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tirist for a libeller; whereas, to a true satirist, notbing is so odious as a libeller; for the same reason as to a man truly virtuous nothing is so hateful as a hypocrite:
Uni aequus virtuti atque ejus amicis.
WHOEVER expects a paraphrase of Horace, or
a faithful copy of his genius, or manner of writing, in these Imitations, will be much disappointed. Our Author uses the Roman poet for little more than his canvas; and if the old design or coloring chance to suit his purpose, it is well; if not, he employs his own, without scruple or ceremony. Hence it is he is so frequently serious, where Horace is in jest, and at ease, where Horace is disturbed. In a word, he regulates his movements no farther on his original, than was necessary for his concurrence in promoting their common plan of reformation
of manners. Had it been his purpose merely to paraphrase an
ancient satirist, he had hardly made choice of Horace: with whom, as a poet, he held little in common, besides a comprehensive knowledge of life and manners, and a certain curious feli. city of expression, which consists in using the simplest language with dignity, and the most ornamented with ease. For the rest, his has
mony and strength of numbers, bis force and splendor of coloring, his gravity and sublimity of sentiment, would have rather led him to another model. Nor was his temper less unlike that of Horace, than his talents. What Horace would only smile at, Mr. Pope would treat with grave severity of Persius : and what Mr. Pope would strike with the caustic lightning of Juvenal, Horace would content himself by turning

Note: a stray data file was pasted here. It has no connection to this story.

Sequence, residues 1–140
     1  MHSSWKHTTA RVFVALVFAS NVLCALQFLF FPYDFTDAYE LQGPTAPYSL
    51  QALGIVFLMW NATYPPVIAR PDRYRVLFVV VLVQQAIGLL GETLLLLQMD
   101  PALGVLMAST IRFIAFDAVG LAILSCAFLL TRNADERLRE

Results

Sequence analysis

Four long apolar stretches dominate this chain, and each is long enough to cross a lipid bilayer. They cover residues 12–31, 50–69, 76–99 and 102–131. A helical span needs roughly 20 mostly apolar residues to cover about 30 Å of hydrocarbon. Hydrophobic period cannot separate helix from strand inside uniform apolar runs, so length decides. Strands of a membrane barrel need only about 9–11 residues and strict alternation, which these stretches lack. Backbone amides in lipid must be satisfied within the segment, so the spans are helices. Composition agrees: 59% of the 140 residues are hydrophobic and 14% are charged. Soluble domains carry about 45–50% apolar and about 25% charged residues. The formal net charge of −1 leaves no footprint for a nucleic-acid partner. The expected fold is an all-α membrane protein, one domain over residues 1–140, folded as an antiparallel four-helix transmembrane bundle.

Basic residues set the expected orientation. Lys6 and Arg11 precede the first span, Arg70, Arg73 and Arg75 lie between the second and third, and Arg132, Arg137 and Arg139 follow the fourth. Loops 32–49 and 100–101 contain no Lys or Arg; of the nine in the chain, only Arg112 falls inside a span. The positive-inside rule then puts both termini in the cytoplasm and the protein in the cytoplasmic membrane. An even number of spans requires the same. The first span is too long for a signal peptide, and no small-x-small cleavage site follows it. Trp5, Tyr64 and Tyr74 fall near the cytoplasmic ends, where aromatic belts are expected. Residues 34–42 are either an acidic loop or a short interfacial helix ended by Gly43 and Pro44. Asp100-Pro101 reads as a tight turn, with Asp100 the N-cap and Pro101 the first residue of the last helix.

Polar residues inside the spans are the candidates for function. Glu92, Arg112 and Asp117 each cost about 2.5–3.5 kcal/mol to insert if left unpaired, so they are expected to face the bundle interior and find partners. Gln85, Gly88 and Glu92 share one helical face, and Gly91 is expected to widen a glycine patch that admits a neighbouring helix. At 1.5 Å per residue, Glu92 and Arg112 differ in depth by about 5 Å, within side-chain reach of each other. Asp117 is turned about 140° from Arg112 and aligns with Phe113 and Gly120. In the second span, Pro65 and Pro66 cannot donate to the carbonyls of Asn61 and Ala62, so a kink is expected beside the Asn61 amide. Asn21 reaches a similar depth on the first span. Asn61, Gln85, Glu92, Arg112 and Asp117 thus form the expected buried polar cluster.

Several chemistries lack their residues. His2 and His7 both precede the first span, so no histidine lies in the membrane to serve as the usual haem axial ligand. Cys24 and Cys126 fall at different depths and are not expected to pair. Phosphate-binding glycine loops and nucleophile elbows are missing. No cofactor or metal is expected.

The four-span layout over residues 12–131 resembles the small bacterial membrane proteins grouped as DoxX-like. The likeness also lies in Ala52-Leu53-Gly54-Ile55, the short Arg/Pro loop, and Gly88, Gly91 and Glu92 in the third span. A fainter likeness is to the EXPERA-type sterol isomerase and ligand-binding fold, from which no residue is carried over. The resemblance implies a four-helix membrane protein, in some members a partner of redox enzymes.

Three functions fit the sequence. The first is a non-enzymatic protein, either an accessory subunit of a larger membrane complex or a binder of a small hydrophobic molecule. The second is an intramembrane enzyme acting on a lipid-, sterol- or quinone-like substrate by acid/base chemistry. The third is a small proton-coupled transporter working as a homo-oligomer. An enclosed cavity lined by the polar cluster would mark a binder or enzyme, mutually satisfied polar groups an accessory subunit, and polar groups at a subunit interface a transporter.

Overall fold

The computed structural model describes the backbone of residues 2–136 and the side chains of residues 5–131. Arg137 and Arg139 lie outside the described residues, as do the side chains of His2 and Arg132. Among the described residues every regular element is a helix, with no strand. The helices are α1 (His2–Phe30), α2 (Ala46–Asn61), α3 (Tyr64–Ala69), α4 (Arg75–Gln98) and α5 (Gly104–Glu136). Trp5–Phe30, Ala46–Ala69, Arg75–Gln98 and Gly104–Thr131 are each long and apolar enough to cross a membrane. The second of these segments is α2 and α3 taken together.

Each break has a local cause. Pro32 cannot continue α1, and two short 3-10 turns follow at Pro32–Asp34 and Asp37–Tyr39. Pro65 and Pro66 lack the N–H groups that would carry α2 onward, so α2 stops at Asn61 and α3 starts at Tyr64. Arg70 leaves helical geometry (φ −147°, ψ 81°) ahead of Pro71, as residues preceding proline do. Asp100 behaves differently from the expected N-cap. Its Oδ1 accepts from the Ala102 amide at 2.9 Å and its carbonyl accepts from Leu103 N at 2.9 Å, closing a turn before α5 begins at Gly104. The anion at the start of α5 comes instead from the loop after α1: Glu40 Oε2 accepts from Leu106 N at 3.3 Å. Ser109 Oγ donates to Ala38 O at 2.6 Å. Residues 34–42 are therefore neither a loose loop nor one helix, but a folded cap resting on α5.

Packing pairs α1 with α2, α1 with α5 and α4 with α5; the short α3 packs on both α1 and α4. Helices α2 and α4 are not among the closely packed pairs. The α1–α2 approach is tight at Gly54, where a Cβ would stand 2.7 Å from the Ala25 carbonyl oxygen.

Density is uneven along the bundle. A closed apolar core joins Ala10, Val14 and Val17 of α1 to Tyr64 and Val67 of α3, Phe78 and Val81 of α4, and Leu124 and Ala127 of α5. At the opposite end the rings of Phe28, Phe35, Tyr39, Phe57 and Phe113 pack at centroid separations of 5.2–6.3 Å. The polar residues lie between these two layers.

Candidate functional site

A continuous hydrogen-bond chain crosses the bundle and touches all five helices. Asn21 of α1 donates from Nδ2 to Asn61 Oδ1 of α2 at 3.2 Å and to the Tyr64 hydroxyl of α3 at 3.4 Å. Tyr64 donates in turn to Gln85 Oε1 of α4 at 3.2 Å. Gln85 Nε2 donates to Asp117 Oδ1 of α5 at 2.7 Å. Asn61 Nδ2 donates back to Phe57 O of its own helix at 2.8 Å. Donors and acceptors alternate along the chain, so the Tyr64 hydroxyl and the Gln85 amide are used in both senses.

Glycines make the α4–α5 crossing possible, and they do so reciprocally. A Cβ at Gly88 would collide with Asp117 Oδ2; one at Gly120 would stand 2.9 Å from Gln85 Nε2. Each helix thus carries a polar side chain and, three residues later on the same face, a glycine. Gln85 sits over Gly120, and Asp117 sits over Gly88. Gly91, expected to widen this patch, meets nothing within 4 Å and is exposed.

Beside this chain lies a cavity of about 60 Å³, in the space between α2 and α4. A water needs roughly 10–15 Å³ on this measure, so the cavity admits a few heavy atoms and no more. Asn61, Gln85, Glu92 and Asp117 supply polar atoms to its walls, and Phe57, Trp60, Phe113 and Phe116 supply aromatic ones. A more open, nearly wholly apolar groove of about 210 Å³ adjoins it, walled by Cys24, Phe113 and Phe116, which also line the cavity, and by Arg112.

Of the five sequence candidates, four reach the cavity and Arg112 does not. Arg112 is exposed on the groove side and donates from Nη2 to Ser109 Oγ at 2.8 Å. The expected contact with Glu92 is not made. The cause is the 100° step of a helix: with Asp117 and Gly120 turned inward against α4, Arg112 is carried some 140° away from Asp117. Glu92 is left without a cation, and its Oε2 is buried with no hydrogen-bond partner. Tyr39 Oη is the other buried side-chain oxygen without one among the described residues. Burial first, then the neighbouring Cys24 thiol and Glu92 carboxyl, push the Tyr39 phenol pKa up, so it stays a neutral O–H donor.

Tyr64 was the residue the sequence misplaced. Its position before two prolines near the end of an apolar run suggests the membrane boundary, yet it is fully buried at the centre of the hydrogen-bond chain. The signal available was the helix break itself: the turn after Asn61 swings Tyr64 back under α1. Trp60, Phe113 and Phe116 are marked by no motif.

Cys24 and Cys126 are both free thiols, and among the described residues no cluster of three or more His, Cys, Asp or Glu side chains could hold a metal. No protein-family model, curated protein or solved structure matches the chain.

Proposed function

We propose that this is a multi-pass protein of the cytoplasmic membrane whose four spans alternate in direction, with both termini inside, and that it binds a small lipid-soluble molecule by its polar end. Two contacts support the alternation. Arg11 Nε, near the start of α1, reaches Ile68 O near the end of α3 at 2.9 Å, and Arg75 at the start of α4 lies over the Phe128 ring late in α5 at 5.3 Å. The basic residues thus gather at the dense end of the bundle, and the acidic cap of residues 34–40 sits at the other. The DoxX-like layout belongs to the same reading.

into ridicule. If it be asked, then, why he took any body at all
to imitate, he has informed us in his Advertisement; to which we may add, that this sort of Imitations, which are of the nature of Parody, throws reflected grace and splendor on original wit. Besides, he deemed it more modest to give the name of Imitations to his Satires, than, like Despreaux, to give the name of Satires to Imitations.
HORAÇE, BOOK II. SAT. 1.
TO MR. FORTESCUE.
P. There are, (I scarce can think it, but ar
told) There are to whom my Satire seems too bold; Scarce to wise Peter complaisant enough, And something said of Chartres much too rough. The lines are weak, another s pleas'd to say ; Lord Fanny spins a thousand such a-day. Tim'rous by nature, of the rich in awe, I come to counsel learned in the law : You'll give me, like a friend, both sage and free, Advice ; and (as you use) without a fee. F. I'd write no more.
P. Not write ? but then I think, And for my soul I cannot sleep a wink. I nod in company, I wake at night, Fools rush into my head, and so I write.
F. You could not do a worse thing for your life. Why, if the nights seem tedious-take a wife ; Or rather, truly, if your point be rest, Lettuce and cowslip wine : probatum est. But talk with Celsus, Celsus will advise Hartshorn, or something shat shall close your eyes. Or if you needs must write, write Cæsar's praise ; You'll gain, at least, a knighthood, or the bays.
P. What ? like Sir Richard, rumbling, rough
and fierce, With arms, and George, and Brunswick, crowd
the verse, Rend with tremendous sound your ears asunder, With gun, drum, trumpet, blunderbuss, and thun
Or nobly wild, with Budgel's fire and force,
F. Then all your Muse's softer art display,
They scarce can bear the Laureate twice a-year;
F. Better be Cibber, l'll maintain it still,
. P. What should ail 'em? F. A hundred smart in Timon and in Balaam : The fewer still you name, you wound the more; Bond is but one, but Harpax is a score.
P. Each mortal has his pleasure : none deny Scarsdale his bottle, Darty bis ham-pie; Ridotta sips and dances, till she see The doubling lustres dance as fast as she ;
F— loves the senate, Hockley-hole his brother,
Satire's my weapon, but I'm too discreet
POPE. VOL. 111. N